The excitable announcer at London’s shiny new velodrome had promised the crowd would ‘blow off the roof’ and ‘literally burst with pride’ and, while thankfully no injuries were reported, it was certainly an explosive evening for the hosts.
First Victoria Pendleton and Jess Varnish claimed the scalp of Australia’s Kaarle McCulloch and Anna Meares to win the women’s team sprint, rewriting the world record their arch-rivals had set during qualifying.
Then Great Britain’s world champion women’s team pursuit squad claimed gold and also smashed the world record, which had stood for just a few minutes.
After two golds and two world records it was almost an anti-climax for the capacity 6,000 crowd when Ross Edgar, Jason Kenny and Hoy beat Australia to win team sprint bronze, after they had ranked fourth in qualifying.
But they know they have work to do to catch up with world champions Germany and a powerful French team, who claimed gold and silver respectively, with both their times fractionally quicker than Great Britain’s 43.781 secs.
“When you look at what the Germans did we are only about a bike-length-and-a-half behind them,” said Hoy.
“There is obviously big room for improvement but we are not that far away and there can be no excuses. We are a new formation but we’ve got a medal here and that’s progress for us.
“It was solid, bordering on pleasing. We had a few glitches in that race that we need to work on but we can build on this event for the Worlds and Olympics.
“The support was amazing and maybe we got a bit carried away with that after a fast start but we were happy to improve.”
Hoy’s bigger challenges lie ahead, first he will compete in Saturday’s keirin before Sunday’s much-anticipated match sprint, where he knows that team-mate and world champion Kenny is pushing hard for the one available Olympic spot.
That’s just one of British cycling’s intriguing selection worries, the other is deciding the make up of the women’s team pursuit squad.
Dani King, who was part of the world and European championship winning team last year, sat out the qualifiers but replaced Olympic silver medallist Wendy Houvenhaghel for the final, joining forces with Laura Trott and Joanna Rowsell.
Rivals Canada had gone quicker in qualifying but Britain were always ahead in the 3km race, clocking 3.18.148 to carve more than a second off the mark Australia, who won bronze, had posted in the previous race.
“I felt I had a point to prove but I believed in myself,” said King.
“Last week I didn’t make selection but I kept my head screwed on and kept focused.
“I supported the girls in qualifying as best as I could and when I got the call this morning I just thought, “I can do this.”
“The girls were amazing so I have to thank them for believing in me. I’m absolutely ecstatic.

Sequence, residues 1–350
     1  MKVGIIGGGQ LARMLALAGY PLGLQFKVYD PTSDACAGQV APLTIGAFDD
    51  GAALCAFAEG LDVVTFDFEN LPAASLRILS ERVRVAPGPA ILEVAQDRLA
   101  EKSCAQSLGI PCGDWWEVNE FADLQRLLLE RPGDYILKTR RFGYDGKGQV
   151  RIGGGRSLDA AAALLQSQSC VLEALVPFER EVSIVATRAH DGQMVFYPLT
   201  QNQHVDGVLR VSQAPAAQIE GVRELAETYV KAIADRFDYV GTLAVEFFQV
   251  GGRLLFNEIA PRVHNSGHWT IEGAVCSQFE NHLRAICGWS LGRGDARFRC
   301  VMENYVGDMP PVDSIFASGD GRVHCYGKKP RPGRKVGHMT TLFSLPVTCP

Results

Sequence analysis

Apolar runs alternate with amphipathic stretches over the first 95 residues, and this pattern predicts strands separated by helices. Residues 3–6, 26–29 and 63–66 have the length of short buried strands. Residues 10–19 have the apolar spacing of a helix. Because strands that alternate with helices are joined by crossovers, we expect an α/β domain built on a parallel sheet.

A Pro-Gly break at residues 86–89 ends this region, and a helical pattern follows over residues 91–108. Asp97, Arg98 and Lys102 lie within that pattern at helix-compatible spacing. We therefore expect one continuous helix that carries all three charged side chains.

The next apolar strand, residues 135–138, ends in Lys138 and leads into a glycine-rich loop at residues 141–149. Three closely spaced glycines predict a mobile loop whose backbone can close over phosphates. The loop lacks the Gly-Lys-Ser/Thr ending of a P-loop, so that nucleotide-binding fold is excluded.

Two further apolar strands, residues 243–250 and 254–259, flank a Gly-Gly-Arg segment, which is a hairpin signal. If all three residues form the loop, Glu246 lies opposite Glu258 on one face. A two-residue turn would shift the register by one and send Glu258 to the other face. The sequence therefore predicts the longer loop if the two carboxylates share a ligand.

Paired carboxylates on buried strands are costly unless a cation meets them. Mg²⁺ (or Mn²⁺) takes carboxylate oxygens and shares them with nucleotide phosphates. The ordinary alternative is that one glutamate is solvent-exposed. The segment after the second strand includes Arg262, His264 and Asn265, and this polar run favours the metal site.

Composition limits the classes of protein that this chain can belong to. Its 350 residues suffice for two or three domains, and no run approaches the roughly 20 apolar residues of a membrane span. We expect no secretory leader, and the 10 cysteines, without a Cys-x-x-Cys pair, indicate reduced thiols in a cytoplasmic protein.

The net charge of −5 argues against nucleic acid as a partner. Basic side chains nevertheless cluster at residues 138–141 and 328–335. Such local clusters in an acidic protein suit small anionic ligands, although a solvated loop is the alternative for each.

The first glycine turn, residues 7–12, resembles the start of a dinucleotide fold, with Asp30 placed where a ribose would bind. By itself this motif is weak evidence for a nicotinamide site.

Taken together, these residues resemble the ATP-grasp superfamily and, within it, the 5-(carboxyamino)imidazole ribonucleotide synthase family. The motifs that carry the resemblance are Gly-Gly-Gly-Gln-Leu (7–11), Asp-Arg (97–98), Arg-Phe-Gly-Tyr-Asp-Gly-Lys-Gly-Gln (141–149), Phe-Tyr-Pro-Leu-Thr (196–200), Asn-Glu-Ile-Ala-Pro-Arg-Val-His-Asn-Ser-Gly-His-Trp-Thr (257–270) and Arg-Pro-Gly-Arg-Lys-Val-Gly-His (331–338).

“This world record is going to keep tumbling as all the teams keep stepping up but this is a great stepping stone now towards the Worlds and, of course, the Olympics.
“But we are a team of four and Wendy was really pleased with how we went. She is a really important member of the team.”
King also paid tribute to partisan home supporters, who played their part in roaring the hosts to victory.
“It’s difficult not to get carried away with your emotions in this atmosphere but that have that crowd behind you is amazing,” she added.
Pendleton has spent the last few days telling anyone that will listen that this week’s event was an almost irrelevant stepping stone towards the Olympics.
But after winning team sprint gold, smashing the world record and claiming the scalp of Australian arch-rival Anna Meares, alongside British team-mate Jess Varnish, she struggled to hide her joy.
To say that Pendleton and Meares don’t like each other would not be doing justice to their rivalry – and with next month’s World Championships in Melbourne each head-to-head during the Olympic countdown has added meaning.
“I can’t explain how great it feels to get the world record,” said Pendleton, who had watched Meares and team-mate Kaarle McCulloch set the velodrome’s first world best in qualifying.
“When the Australians broke the record this morning it definitely spurred us on.
“We knew it would be close and you can never rule out the Aussies as they are such a strong team.
“To come here and perform like this just fills us with confidence.
“The gap was so small after qualifying that we knew we could get the gold with the support of the amazing crowd.”
But considering both Great Britain and Australia are still in heavy training, safe money would suggest last night’s world record will be rewritten again in exactly 165 days time.
“We are surprised to go that quick already,” said Varnish. “There is still plenty of time to experiment with a few things and go faster.”
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